Wyden Votes No on Bill to Hand Government Warrantless Spying Power
Washington, D.C. – Senior Intelligence Committee member U.S. Sen. Wyden, D-Ore., issued the following statement today, after voting against a bill to renew massive warrantless surveillance powers:
“Today I voted no against reviving sweeping programs that spy on innocent Americans without a warrant. This bill does far too little to protect Americans' Constitutional rights against unnecessary government spying, a prospect that should terrify everyone concerned by the Trump administration and Attorney General Barr's trampling on the rule of law. The legislation hands the government power for warrantless collection of Americans’ web browsing and internet searches, as well as other private information, without having to demonstrate that those Americans have done anything wrong, or even were in contact with anyone suspected of wrongdoing. I have deep concerns about other parts of the bill, including the requirement that Attorney General Barr personally involve himself in cases involving politicians. Moreover, the bill fails to close loopholes that the government could use to collect Americans’ records without any court oversight at all.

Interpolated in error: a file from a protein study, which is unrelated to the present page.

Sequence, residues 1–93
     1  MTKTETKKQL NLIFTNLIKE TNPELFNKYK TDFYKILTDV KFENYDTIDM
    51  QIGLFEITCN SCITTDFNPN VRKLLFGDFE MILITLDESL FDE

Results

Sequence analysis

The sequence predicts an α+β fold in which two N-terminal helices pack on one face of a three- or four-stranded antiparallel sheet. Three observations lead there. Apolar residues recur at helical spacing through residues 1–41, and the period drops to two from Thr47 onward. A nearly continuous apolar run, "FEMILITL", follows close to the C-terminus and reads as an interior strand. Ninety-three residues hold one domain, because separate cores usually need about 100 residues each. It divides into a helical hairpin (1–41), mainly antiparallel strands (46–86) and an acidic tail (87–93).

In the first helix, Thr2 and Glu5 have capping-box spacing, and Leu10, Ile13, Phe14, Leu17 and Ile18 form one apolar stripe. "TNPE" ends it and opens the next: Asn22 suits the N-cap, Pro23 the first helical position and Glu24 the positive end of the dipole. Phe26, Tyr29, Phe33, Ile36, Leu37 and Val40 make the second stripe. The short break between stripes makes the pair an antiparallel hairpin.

“However, this bill does include key victories that I've spent years fighting for: expansion of the role of the independent FISA Court amicus, permanently ending the NSA’s massive phone record program and prohibiting warrantless collection of cell phone location and GPS information. But without further reform of these vague and dangerous PATRIOT Act authorities, Congress is inviting more secret interpretations of the law and more abuses. Finally, it's worth noting that a large bipartisan majority of 59 senators supported my amendment to ban warrantless collection of internet browsing and search history, and I am confident that if it were to come up again, this important protection of Americans' rights would pass.”
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